But beyond that, the PR that you practice will differ from mine, from Erica's and so on. Trying to force a professional into someone else's straightjacket? I am quite sure doctors often have vastly different ideas not only of how to treat a particular illness and patient, but approaches to healthcare as a whole; ditto lawyers and many, many other professions. The only difference there IMO is perception; people 'think' they know what these people do and more importantly, they think they know what they can do for THEM. But talk to a lawyer or doctor and it's still very much 'no one understands.'

What disappoints me as much as much as the totalitarian stance is the missed opportunity, all for the sake of a textbook factoid - for which no one not 'us' will have the slightest use. Really, we're supposed to replace our blog copy and elevator pitches with this?! Take one of these - or anything like it - to a CEO or small business owner?! AS. IF. It's a disservice to the industry and FWIW, does absolutely nothing to make want to rejoin an association that seems more concerned focusing on the past, on academics and verbiage rather than positioning itself for the future.

ginidietrich
ginidietrich

Well, now it's no secret what I think about the definitions. :)

There are two things that bother me most about all of this:

1. I am a member. I've been a member most of my career. I am a Chicago chapter former president. I'm extremely engaged in the organization. The ONLY reason I knew about this who initiative is because a friend at PRSA sent me a private email and asked me to weigh in last year. I never received an email from the organization, as a member, about the project or why they were doing it.

2. In the rebuttal they posted on Spin Sucks, the commenters dissented. And they pretty much said, "We don't care if you don't like it. We're going with one of these." The issue still remains we're an industry where no one knows what we do and we don't have a formal way of measuring our results.

In the grand scheme of things, I'd venture to guess those of us who are talking about are less than one percent of their members. I'd be willing to guess less than five percent of their members know this is even going on. They had 1,000 entries (some were multiples - I entered five). There are 60,000 professionals (according a fact sheet on their website). So less than one percent even participated.

For an industry that is supposed to be all about awareness and reputation and building credibility, they sure did a poor job in engaging their members.

PaulRobertsPAR
PaulRobertsPAR

You are all missing the point. I can't believe you fell right into The PR Society's trap. They had a secret mission to help PR people expand their vocabulary and it is worked. This topic has made us all try a little harder to express ourselves. Just looks through the comment section and you'll find

agitated, exasperated, annoyed, mortified, humiliated, uncomfortable, upset, embarrassed, ashamed, angry,

disillusioned, disappointed, discouraged, cynical, sour, disenchanted, let down, negative, irate, teed off, PO'd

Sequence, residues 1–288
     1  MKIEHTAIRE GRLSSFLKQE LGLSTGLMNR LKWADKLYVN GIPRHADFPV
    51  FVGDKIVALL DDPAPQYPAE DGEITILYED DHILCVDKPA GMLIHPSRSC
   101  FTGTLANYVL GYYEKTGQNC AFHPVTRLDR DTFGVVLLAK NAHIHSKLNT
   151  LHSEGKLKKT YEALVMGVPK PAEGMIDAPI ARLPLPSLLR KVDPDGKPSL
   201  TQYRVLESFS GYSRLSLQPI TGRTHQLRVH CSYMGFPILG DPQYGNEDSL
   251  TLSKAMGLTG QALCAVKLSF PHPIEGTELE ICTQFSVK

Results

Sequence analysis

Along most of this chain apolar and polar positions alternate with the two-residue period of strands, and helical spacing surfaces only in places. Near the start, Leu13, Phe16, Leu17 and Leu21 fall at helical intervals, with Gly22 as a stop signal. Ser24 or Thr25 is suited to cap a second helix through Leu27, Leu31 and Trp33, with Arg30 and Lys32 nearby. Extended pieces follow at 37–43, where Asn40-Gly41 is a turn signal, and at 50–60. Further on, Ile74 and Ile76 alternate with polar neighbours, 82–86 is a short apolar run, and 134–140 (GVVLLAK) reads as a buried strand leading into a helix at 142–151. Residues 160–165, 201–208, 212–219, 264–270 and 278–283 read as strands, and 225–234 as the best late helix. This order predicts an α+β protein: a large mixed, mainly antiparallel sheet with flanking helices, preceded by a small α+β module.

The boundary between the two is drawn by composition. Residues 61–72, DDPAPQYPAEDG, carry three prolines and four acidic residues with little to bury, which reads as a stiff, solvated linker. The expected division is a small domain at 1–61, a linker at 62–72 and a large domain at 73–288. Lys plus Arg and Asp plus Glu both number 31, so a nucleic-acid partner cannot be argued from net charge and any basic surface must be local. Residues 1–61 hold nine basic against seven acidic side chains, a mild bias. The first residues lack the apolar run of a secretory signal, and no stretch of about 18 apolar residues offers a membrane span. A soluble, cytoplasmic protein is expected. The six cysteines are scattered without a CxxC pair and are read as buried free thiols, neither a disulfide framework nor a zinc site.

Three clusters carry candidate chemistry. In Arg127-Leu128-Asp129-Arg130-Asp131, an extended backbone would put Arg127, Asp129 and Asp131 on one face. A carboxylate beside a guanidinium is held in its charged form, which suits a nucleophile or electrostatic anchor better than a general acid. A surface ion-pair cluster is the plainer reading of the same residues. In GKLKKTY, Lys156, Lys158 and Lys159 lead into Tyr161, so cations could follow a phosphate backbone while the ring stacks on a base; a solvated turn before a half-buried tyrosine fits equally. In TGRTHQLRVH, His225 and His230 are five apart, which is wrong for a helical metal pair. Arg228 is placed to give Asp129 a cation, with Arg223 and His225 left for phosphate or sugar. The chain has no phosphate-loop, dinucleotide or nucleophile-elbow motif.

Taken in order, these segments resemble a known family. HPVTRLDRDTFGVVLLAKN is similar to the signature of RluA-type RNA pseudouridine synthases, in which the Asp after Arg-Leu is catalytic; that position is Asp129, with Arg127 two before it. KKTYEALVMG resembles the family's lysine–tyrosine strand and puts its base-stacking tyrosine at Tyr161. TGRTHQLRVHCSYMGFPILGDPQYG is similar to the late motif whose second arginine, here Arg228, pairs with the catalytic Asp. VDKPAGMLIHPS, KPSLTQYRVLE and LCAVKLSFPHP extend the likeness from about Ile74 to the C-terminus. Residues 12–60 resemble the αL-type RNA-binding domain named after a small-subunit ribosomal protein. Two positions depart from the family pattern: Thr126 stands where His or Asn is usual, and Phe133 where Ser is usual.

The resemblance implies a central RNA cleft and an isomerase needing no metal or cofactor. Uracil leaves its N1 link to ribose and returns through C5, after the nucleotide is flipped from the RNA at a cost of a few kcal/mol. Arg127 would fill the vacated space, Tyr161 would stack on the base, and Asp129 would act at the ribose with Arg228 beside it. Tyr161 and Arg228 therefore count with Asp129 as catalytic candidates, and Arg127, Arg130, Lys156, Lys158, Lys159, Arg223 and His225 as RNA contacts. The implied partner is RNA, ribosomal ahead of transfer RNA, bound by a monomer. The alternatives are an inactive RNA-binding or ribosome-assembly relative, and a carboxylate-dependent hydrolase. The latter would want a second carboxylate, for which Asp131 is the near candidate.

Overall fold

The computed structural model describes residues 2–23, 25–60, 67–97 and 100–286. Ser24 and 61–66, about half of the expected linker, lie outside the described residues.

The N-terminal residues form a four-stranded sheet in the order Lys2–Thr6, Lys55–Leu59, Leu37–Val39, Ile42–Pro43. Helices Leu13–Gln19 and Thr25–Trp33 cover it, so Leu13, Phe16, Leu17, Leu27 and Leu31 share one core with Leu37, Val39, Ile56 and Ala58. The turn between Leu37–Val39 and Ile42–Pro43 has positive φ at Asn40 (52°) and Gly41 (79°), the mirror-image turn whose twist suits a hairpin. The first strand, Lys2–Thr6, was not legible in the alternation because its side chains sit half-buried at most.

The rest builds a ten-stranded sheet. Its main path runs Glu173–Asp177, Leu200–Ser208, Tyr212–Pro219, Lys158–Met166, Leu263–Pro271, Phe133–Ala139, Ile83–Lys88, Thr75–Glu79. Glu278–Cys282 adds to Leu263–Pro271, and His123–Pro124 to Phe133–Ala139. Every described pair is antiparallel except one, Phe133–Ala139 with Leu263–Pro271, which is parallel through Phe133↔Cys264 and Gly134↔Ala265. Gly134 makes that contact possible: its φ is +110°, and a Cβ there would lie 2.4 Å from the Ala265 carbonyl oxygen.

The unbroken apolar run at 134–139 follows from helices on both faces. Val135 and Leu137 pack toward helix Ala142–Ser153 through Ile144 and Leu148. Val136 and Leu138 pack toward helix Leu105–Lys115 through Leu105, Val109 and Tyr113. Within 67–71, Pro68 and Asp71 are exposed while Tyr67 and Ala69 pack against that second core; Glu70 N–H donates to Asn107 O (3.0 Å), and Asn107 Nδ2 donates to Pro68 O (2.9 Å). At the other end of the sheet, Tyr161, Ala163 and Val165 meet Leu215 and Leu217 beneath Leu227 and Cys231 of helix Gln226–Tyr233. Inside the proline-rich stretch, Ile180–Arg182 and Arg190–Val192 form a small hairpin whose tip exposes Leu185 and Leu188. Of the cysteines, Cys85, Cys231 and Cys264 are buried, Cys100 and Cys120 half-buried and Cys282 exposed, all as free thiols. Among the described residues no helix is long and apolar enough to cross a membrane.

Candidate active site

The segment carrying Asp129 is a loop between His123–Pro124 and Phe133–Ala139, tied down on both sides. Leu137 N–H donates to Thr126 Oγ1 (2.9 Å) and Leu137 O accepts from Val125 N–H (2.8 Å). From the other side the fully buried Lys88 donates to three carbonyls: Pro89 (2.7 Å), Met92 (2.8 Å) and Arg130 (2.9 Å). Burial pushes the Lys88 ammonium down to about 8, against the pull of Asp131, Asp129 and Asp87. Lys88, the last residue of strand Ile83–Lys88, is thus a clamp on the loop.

and outraged. Some really good words in there.

Thanks again PRSA for making us a stronger industry.

ShakirahDawud
ShakirahDawud

I have no business saying this, but I'm exasperated, like @Anthony_Rodriguez too, lol. I was here when you took on the task last year, Jayme, and even gave a couple lame pokes at it from the outside. Now that my perception of PR is a little clearer, I don't think those definitions are much more than--as I mentioned at @ginidietrich 's place--glittering generalities.

If the PRSA was trying to make the task of explaining PR easier, mission failed. If they were just looking for a definition that would please everybody, the voices I'm hearing say they've failed at that, too.

Anthony_Rodriguez
Anthony_Rodriguez

I, too, am exasperated by this whole process. I am disappointed with the defensive posture taken by the PRSA over at Spin Sucks and would think the people leading the charge of public relations would know better. These jargon-filled definitions PRSA has proposed do more harm than good, IMO. They are creating a PR problem between themselves and their members by being so averse to reconsidering what they have laid out on the table. If business-owner Joe is trying to find out if he needs PR but doesn't know what it is and finds one of the three definitions proposed through a simple search, I believe revenue will be lost for the PR industry. Because these definitions do not give any person a compelling reason to continue to seek further understanding. These options will build up a wall and keep the stereotypes looming that we are trying so very hard to fight. (BTW, I linked to your post in my blog post on this topic too, prexplorer.wordpress.com)

EricaAllison
EricaAllison

"When an entire profession cannot agree on what it does, then how shall companies and clients regard our credibility?" < That is the crux of the debate for me...the burden again shifts to each individual to properly educate the client on what we do, meanwhile, combatting whatever lame definition is floating in the wind alongside the same sort of lame perceptions and stereotypes. You've done an excellent job here, Jayme of summing it up and further highlighting our conundrum.

I just read the PRSA response on @spinsucks and was appalled. What a flippant response and in no way an effort to win over a HUGE crowd of PR peeps and sympathizers who could have actually come to his side of the table or at a minimum, begun to understand where he was coming from. It was defensive and dismissive. Why bother? He did not do himself or PRSA any favors with that post.

Soulati | Hybrid PR
Soulati | Hybrid PR moderator